I have an idea to change the bottom half of the internet.
Lots of blogs, including mine, use captchas to prevent robot spam, but these are powerless in the face of human stupidity and aggression. Many other blogs moderate comments before publication, but this makes work for the blog owner, and that work is often very tedious.
Twitter is full of the claim that the Green Party is “anti-science”. Some of the people making that claim are on my own feed; they’re people I like and respect. So I’m disappointed that so many of these self-appointed champions of science seem to be basing their claim on the same Times article, while others don’t bother to give any source at all.
The #amazonfail furore made me angry, but not for the reasons you might expect. I'm angry at the sheer numbers of people who put their energy into mobilising against Amazon. The whole affair showed us just how easily Twitter and blogs can be used to spread a message about a company's unacceptable actions (in Amazon's case, removing LGBT-themed books from their sales rankings) and to generate massive amounts of negative publicity. Perhaps a month after the problem was first spotted, the complaints reached a tipping point; after that, it took just a few days to give Amazon the PR headache of a lifetime.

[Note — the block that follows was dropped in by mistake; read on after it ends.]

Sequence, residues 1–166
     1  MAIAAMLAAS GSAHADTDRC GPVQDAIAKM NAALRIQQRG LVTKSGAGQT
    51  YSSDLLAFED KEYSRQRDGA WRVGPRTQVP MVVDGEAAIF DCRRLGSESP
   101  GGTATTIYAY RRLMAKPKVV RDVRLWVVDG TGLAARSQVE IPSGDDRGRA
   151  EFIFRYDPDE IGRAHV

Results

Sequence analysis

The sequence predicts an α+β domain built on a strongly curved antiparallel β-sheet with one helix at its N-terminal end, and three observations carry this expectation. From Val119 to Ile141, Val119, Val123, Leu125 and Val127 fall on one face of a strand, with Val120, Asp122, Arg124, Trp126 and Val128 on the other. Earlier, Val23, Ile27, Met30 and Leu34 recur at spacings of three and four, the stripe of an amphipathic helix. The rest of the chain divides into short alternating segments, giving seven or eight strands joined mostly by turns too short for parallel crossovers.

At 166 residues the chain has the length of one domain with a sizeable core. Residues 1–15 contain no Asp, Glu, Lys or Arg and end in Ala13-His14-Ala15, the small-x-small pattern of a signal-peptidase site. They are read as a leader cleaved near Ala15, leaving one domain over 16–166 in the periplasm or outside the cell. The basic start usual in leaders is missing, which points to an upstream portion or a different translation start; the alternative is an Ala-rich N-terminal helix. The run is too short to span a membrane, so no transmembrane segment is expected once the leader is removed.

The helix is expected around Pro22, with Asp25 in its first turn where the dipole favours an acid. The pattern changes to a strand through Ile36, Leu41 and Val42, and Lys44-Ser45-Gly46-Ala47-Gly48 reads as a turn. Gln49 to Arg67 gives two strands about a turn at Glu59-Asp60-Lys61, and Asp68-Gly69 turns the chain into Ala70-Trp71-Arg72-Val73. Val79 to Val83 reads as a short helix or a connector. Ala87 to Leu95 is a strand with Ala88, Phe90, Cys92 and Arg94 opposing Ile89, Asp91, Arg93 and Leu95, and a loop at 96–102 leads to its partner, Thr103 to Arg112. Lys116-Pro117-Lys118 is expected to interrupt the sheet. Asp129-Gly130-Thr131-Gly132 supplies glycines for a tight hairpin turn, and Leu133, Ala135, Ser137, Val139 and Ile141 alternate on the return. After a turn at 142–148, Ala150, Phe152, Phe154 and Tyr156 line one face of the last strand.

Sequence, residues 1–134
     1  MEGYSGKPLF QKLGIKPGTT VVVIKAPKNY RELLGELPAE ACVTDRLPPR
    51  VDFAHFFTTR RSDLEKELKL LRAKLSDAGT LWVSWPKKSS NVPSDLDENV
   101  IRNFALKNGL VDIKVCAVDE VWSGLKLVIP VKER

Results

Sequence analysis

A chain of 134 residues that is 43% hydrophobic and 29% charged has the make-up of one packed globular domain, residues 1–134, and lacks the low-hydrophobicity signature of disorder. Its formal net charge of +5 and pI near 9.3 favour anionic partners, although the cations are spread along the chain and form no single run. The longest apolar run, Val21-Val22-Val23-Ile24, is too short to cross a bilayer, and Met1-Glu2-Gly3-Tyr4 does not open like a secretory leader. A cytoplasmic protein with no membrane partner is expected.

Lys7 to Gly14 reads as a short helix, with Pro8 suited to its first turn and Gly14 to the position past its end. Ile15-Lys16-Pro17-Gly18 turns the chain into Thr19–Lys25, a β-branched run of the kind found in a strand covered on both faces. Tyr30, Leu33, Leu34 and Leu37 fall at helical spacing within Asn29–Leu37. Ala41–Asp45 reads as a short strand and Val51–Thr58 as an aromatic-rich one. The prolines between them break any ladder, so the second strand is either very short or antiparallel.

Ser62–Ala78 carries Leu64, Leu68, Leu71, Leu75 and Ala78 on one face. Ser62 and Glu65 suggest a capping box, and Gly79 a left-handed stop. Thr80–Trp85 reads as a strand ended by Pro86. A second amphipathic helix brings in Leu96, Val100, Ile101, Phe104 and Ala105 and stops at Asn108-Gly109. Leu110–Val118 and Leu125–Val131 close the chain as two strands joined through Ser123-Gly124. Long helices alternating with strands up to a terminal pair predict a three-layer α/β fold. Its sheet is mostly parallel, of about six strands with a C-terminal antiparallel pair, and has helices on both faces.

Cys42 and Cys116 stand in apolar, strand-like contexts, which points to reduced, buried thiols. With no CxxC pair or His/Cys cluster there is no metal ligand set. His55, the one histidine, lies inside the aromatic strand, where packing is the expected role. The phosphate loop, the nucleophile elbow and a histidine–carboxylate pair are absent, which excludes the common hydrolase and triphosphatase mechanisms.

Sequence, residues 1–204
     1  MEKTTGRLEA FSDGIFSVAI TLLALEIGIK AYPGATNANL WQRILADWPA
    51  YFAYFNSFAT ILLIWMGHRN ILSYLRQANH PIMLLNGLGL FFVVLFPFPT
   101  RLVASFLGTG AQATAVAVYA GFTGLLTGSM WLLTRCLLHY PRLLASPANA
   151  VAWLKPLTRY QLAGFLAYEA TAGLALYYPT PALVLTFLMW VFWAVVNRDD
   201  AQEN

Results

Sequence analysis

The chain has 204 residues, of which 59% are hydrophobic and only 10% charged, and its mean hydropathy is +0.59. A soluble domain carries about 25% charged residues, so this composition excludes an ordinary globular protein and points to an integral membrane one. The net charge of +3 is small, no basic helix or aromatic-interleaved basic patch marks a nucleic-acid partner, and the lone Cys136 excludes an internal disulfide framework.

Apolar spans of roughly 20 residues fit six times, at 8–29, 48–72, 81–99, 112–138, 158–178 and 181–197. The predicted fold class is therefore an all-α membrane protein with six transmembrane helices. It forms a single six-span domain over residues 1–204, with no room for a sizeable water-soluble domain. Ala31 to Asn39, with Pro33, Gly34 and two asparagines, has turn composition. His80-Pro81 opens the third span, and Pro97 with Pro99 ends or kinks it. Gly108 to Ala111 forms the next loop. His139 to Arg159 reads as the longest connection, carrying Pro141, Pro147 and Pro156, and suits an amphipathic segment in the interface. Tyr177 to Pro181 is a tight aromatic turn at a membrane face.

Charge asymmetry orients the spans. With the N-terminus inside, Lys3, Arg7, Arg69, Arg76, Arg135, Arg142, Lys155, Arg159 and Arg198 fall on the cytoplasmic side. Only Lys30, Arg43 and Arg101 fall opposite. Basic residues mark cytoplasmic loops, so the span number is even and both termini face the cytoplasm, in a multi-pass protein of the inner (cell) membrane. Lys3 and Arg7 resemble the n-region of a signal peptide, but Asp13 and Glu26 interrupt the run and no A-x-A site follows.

And I'm furious that it happened this way. Perhaps I should explain why.
Many thanks to Janet for setting it up.
Earlier I criticised e-consultancy.com about an article purporting to explain what journalists look for when they come to a website. I'm going to post some constructive advice soon, but first I want to highlight the assumptions behind the article and why they're wrong.
One of the many joys of blogging for me is that community boundaries aren’t defined by geography, but by shared ways of seeing the world.
It’s so easy to start a blog. People do it all the time. And I'm yet another monkey with a typewriter coming to join the party.
I hope that this blog will get across a rough idea of what on earth it is that I do. More ambitiously, I'm hoping that sharing my experiences and views will be a good way of connecting with others in my line of work - whatever on earth it is that we do. But, frankly, I'll be happy if I can avoid the deep pit of one-post wonders.